Lately, my news feed has been overrun with sponsored advertisements promising to “BLOW YOUR MIND” — these posts usually discuss topics such as what a celebrity used to wear, or offer a compilation of cats in various poses. Regardless of the subject matter, I have yet to be anything more than mildly amused.
There is nothing inherently wrong with articles pandering to what readers want to see, because it is how these websites make money. But even when a media outlet reduces its content standards to focus on non-news, generally trivial subject matter, they still have a responsibility to provide the content in question in a way that doesn’t simply exploit the viewer. In addition, Facebook and other websites that spread news media content have a responsibility to balance more shallow content with real news, because the saturation of clickbait media is forcing more and more news outlets to change their business models.
Instead, these “clickbait” websites are changing the very structure of their content to maximize advertising revenue at the expense of the viewer. Showing one picture per page with a “click to navigate” button to see more content, they extend “10 facts about these sports legends that will change your life” into a ten-page article with barely ten sentences and ten pictures of actual content, often with advertisements thrown into the mix — and these are in addition to the banner advertisements that already accompany the side of the article. Often, there are so many advertisements that it is difficult to distinguish between them and the minimal content.
Unfortunately, these websites use this strategy because it works. Clickbaiting has become a science: luring viewers in with an ambiguous title promising great content, then forcing them to click through page after page to find it. This makes sense, as Facebook has an algorithm for providing content to viewers that can be easily exploited. But it is as much the viewers’ fault as it is that of the content creators that such poor content is thriving.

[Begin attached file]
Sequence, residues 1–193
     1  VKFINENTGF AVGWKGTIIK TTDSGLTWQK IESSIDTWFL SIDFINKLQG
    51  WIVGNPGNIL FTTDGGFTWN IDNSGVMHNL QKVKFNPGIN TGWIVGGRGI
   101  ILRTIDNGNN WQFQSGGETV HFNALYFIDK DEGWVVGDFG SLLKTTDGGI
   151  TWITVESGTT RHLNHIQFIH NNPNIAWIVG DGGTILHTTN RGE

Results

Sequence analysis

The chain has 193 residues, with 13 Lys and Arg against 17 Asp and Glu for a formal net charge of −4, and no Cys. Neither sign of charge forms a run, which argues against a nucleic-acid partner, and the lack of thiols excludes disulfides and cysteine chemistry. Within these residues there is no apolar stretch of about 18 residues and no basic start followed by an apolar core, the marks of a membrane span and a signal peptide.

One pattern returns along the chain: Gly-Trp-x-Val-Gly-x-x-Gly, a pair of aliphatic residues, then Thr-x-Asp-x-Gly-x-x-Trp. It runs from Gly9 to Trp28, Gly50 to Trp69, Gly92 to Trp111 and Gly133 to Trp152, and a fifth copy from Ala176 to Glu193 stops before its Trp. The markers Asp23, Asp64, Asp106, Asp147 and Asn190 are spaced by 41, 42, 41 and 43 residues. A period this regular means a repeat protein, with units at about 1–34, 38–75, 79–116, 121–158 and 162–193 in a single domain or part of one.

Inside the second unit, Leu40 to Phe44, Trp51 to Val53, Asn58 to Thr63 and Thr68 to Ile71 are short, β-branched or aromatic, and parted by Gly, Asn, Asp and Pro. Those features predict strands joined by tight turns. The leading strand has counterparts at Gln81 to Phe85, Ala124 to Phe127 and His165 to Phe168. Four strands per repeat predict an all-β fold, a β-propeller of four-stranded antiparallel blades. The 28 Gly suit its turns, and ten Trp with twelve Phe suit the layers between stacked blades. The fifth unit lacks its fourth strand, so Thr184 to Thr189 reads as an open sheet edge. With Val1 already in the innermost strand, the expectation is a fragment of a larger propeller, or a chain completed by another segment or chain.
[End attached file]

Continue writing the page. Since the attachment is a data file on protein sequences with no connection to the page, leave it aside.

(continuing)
Users of these websites, then, need to become more aware of when they are being manipulated versus when they are being provided quality content. Content creators, obviously, provide content that they predict will be read — by refusing to click on manipulative content, viewers can change what outlets will produce. This is easier said than done, as the whole idea of clickbait is based around the idea that it is hard to resist. But by becoming more conscientious consumers of media, viewers can help decrease the saturation of manipulative content that has become so pervasive in social media.
Again, this isn’t to say that all content of this nature is bad. Sometimes you want to consume mindless or shallow content, and there is nothing wrong with that. There is a difference, however, between providing this content and using it to cash out on advertising revenue or number of page views. To improve the content that saturates our social media and the Internet, consumers must prove that they don’t want to be manipulated in this way.
Clickbait journalism and media doesn’t just exploit the viewer, either. As it becomes more and more mainstream, reputable news outlets are having to compete for page views by diminishing their content. Last week, for example, Time magazine published an article titled “This Photo of Kim Kardashian Shows Why Women Can’t Have It All,” criticizing Kardashian for “trying to be every type of woman at the same time” based on one paparazzi photo. Time, a generally professional news organization, should not be posting this kind of content in the first place. What makes it worse, however, is that it seems to have been designed specifically to garner page views, with a buzzword celebrity and a title that hints at interesting content. It’s unfortunate that even a publication like Time has to resort to these techniques to stay relevant.
There are plenty of reasons for this rise in clickbait journalism, with the blame falling on both publishers and readers alike — according to Tony Hailie, CEO of website traffic-monitoring company Chartbeat, there is no correlation between media consumers reading and sharing articles. When people generally just skim articles, it makes sense that the most easily skimmable and most shocking-at-a-glance articles will thrive. But to keep content publishers’ standards high — and to prevent readers from being manipulated by these publishers — it is important to recognize these trends in content, and respond appropriately. Both readers and the social media websites that act as the vehicle for sharing content should pressure these producers to provide the content they advertise, not content for advertising and page views.
Burke Gibson is a senior majoring in economics and is the editorial director of the Daily Trojan.